JACKSONVILLE, Fla. -- Willie Davis said he'll never forget his granddaughter, DreShawna, or the faces of the men that took her life.
"I lost my granddaughter. I loved my granddaughter," he said.
In July 2006, Rasheem Dubose and his two brothers, Terrell and Tajuane, opened fire on a home on Third Avenue. Police said they were out for revenge because DreShawna Davis's uncle had robbed and humiliated Rasheem Dubose earlier in the day.
"They waited until he got home and they didn't realize kids was in the house. And they shot up the house," Davis said.
The 8-year-old who had dreams of being a nurse proved she was already a protector by sacrificing herself, using her body to shield her cousins from the barrage of bullets flying into the house.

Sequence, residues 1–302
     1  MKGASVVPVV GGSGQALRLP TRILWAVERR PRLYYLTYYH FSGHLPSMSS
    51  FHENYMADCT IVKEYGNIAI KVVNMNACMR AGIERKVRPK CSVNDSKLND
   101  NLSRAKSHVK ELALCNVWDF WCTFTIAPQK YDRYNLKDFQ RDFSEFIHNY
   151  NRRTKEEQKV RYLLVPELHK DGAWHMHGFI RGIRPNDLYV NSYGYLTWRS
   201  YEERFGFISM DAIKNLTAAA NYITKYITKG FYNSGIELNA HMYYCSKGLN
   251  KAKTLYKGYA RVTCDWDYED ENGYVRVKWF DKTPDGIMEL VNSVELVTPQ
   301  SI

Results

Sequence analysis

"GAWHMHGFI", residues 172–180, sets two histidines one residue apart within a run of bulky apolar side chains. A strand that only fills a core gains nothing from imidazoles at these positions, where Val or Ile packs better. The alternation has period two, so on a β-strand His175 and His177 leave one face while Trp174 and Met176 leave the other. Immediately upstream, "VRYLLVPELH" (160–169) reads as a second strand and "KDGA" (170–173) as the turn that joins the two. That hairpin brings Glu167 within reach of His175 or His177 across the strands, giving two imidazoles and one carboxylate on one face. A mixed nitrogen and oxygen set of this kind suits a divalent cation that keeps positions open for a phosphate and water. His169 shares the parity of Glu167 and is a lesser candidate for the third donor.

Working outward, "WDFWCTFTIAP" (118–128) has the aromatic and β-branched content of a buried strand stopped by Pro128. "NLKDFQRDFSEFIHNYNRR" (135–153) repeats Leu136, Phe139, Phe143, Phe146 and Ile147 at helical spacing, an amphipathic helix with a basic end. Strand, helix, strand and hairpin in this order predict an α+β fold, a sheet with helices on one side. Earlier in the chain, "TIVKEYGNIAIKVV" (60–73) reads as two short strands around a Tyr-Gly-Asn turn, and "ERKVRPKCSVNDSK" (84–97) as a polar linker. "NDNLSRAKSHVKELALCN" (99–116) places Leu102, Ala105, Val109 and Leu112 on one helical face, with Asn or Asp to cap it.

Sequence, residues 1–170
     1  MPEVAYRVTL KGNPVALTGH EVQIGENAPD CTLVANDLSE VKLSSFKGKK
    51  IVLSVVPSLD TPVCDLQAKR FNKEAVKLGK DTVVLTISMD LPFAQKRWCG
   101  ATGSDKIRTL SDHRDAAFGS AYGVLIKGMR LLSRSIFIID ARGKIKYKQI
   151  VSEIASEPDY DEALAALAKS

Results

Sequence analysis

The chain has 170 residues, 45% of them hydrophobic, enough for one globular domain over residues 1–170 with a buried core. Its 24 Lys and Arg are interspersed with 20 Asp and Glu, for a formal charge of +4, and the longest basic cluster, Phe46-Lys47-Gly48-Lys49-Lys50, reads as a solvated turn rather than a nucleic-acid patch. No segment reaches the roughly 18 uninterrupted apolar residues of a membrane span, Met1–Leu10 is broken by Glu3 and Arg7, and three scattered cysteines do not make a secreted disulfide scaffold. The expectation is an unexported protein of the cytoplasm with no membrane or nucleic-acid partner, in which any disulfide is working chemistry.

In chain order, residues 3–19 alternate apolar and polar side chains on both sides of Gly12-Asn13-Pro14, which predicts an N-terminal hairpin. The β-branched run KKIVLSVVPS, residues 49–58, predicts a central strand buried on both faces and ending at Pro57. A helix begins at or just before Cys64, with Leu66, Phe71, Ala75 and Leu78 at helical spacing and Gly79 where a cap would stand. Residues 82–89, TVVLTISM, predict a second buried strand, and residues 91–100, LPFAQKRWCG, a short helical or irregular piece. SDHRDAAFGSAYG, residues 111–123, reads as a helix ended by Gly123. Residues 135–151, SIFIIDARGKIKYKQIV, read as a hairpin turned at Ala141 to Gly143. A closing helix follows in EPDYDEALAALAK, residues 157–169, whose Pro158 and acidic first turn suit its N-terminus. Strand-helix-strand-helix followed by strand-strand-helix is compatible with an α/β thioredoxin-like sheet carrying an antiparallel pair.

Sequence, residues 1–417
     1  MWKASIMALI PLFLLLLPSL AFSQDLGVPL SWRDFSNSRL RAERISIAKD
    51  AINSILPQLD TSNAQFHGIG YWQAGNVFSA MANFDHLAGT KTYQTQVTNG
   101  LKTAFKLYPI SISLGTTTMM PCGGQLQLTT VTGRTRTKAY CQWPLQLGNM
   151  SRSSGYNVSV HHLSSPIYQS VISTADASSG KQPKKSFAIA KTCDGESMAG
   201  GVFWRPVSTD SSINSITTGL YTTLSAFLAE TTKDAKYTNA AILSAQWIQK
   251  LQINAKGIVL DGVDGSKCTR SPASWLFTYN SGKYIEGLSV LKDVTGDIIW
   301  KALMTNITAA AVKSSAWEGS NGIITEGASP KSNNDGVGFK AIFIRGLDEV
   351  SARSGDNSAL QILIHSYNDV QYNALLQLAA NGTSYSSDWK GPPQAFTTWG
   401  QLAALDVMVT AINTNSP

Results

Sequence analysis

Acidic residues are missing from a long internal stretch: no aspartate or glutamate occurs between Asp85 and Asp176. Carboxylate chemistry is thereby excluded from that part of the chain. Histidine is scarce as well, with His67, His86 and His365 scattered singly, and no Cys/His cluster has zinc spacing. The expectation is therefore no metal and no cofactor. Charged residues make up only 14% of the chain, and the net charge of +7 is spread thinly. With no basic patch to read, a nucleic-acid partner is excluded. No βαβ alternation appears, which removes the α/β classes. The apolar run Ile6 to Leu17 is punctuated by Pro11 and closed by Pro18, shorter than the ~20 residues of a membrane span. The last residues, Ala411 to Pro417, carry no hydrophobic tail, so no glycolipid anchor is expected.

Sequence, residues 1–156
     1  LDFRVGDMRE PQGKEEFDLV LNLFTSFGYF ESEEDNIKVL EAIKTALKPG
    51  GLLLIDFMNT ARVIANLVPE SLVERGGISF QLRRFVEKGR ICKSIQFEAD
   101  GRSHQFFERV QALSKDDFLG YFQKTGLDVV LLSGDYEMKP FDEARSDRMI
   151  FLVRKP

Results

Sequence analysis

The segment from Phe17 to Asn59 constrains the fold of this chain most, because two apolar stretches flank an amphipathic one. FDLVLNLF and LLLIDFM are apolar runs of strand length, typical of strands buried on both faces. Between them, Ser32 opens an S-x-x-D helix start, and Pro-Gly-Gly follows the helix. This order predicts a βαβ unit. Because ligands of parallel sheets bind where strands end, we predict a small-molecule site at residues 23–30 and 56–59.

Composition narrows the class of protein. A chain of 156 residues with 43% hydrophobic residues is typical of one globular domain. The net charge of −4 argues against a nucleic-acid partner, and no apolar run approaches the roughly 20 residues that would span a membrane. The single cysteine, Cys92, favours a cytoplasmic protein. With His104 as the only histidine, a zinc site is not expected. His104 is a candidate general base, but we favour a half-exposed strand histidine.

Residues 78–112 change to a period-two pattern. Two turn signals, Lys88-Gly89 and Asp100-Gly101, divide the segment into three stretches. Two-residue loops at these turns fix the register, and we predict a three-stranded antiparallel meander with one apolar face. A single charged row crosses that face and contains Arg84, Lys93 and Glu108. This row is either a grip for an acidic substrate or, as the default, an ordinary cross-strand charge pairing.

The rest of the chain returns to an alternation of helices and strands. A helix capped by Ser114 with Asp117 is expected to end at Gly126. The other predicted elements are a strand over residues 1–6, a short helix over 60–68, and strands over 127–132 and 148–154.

"She was like a shield for other nieces and nephews. She was like a shield," said her aunt, Ruby Davis.
Seven years later, Rasheem Dubose, 29, wants the state to take another look at his case. His attorney has filed an appeal, citing several reasons why Dubose should get a new trial.
Among those reasons is intent. The appeal states Dubose didn't mean to kill DreShawna.
It also claims the sentences for the Dubose brothers were unfair. While all three of them fired shots into the house, Rasheem was the only one given the death penalty.
Even DreShawna's family is split on the sentence. While her aunt would like to see the death penalty lifted for Dubose, the little girl's grandfather isn't so forgiving.
"I feel like he deserves what he get, because he took a life," said Willie Davis.
The appellate court heard oral arguments Tuesday. It will likely be a few weeks before we know how it rules.
The appeal is standard for anyone sentenced to death in Florida.